Ocean current transport and storage could be safer and more economic and scalable than storage of carbon products on or beneath the land. The attached diagram shows a route to move algae grown in the tropics to polar seas using deep ocean currents.
The large ocean currents are the circulation system of our planet, akin to the veins and arteries of blood circulation of a body. Fossil emissions are like cholesterol in the arteries of the world ocean, potentially causing disruption of the entire system. The immediate global climate challenge is to remove more carbon from the air and sea than we add, in order to restore climate stability and insure against massive sudden change.
The stable ocean currents can be used as transport and storage systems for algae, beginning at small scale to test safety and efficacy, possibly using bags containing fresh water, and building upon scientific knowledge of ocean current size and behavior [url]https://www.whoi.edu/main/topic/ocean-circulation[/url].
Growing algae in large bags in the Pacific Ocean at the equator can be a way to utilize the global ocean currents for energy, nutrient and space to contribute to climate stabilization. By sinking produced contained algae blooms to the ocean floor using tidal pumping or other methods, and applying heat and pressure, the algae can be concentrated and converted to useful commodities including oil and bioplastics. Products such as oil can then be transported in bags made of bioplastic on the deep ocean subsurface currents, if these bags can be proven to be safe and effective.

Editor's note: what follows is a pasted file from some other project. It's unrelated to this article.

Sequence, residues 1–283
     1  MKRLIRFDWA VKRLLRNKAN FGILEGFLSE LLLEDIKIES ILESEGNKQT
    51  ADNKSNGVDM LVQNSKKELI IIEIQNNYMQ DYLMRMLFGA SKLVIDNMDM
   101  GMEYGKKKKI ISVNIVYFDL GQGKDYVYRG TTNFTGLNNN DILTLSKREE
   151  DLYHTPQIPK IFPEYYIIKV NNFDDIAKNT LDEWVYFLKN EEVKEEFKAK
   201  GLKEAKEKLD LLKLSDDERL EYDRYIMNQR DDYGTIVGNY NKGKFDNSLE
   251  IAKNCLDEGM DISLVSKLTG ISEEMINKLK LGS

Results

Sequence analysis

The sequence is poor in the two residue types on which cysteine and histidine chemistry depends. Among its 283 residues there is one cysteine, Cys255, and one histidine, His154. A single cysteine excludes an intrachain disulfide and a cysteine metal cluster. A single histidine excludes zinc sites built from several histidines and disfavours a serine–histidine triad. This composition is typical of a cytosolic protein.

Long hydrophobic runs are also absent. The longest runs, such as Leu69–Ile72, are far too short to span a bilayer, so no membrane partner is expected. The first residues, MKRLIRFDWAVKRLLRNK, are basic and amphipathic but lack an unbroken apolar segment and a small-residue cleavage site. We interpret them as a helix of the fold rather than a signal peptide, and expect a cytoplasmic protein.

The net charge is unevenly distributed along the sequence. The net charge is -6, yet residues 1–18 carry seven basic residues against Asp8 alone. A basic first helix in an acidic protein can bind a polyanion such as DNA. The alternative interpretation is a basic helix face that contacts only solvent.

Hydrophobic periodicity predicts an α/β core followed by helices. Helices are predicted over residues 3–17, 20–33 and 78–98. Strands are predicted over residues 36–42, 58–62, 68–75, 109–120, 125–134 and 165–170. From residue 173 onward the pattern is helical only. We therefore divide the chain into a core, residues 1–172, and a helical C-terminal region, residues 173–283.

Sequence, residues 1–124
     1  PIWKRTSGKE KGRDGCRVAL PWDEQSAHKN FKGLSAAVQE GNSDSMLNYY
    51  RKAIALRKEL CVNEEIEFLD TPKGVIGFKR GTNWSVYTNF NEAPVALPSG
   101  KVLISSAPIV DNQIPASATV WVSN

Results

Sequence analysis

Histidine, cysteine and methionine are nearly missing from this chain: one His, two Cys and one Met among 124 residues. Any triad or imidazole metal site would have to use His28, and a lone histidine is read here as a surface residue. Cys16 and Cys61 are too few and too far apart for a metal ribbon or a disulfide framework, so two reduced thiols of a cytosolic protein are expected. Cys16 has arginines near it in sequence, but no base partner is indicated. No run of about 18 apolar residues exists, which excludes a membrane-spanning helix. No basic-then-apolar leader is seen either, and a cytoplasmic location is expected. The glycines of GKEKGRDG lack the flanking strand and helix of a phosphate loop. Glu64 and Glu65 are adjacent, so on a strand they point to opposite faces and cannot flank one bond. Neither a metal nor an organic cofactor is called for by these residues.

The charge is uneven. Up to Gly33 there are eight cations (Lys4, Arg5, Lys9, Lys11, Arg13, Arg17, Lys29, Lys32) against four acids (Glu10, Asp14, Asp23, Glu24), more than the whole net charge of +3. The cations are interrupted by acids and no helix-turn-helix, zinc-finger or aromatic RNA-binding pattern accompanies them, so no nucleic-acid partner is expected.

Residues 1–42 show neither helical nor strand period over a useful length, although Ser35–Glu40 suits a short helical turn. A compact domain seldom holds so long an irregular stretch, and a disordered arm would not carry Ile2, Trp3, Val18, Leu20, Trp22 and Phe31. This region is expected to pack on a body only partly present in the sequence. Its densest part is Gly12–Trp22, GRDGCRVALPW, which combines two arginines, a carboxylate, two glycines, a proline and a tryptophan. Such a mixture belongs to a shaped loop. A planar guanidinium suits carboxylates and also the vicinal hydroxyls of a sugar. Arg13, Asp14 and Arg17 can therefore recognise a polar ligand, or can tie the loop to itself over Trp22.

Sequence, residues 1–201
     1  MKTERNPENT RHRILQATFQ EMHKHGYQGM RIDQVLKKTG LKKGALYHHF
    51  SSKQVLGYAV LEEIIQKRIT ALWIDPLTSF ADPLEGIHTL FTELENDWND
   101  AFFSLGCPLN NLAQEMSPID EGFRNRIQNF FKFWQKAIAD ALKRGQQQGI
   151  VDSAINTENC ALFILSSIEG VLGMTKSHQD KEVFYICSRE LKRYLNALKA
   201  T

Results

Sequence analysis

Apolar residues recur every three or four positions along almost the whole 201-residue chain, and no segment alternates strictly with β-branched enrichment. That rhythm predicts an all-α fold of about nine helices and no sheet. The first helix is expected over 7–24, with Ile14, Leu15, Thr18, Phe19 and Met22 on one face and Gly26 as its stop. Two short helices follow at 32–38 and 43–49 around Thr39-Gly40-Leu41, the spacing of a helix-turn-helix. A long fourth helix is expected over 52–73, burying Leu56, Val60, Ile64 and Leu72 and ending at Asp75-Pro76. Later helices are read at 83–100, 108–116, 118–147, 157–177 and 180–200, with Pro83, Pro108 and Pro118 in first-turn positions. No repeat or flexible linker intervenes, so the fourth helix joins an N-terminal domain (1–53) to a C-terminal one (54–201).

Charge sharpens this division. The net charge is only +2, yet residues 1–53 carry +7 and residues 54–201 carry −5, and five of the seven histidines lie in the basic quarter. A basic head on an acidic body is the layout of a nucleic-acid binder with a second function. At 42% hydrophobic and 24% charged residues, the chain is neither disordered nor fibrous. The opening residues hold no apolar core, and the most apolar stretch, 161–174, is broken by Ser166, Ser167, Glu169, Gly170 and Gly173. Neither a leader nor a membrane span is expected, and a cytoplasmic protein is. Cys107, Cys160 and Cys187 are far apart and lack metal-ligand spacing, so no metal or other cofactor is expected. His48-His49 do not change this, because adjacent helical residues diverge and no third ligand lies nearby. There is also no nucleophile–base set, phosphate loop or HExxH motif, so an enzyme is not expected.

There are many problems which could prevent this idea from working. It is entirely new and innovative, a research concept rather than an active proposal. The scale of the Antarctic Circumpolar Current, as the core of the stable planetary ocean circulation system combined with the other main oceans, gives potential for this method to be a major effective contribution to carbon removal, utilization and storage. Using the existing energy systems of planetary currents to mine carbon could be important to maintain the health and stability of the global ocean circulation system.